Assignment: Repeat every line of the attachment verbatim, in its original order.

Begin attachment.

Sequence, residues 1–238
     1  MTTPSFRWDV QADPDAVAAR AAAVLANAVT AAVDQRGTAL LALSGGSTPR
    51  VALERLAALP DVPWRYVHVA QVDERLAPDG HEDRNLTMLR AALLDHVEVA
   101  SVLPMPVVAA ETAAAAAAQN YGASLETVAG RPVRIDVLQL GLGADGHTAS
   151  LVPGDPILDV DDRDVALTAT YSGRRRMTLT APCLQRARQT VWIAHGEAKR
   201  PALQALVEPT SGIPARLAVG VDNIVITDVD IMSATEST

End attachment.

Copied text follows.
Sequence, residues 1–238
     1  MTTPSFRWDV QADPDAVAAR AAAVLANAVT AAVDQRGTAL LALSGGSTPR
    51  VALERLAALP DVPWRYVHVA QVDERLAPDG HEDRNLTMLR AALLDHVEVA
   101  SVLPMPVVAA ETAAAAAAQN YGASLETVAG RPVRIDVLQL GLGADGHTAS
   151  LVPGDPILDV DDRDVALTAT YSGRRRMTLT APCLQRARQT VWIAHGEAKR
   201  PALQALVEPT SGIPARLAVG VDNIVITDVD IMSATEST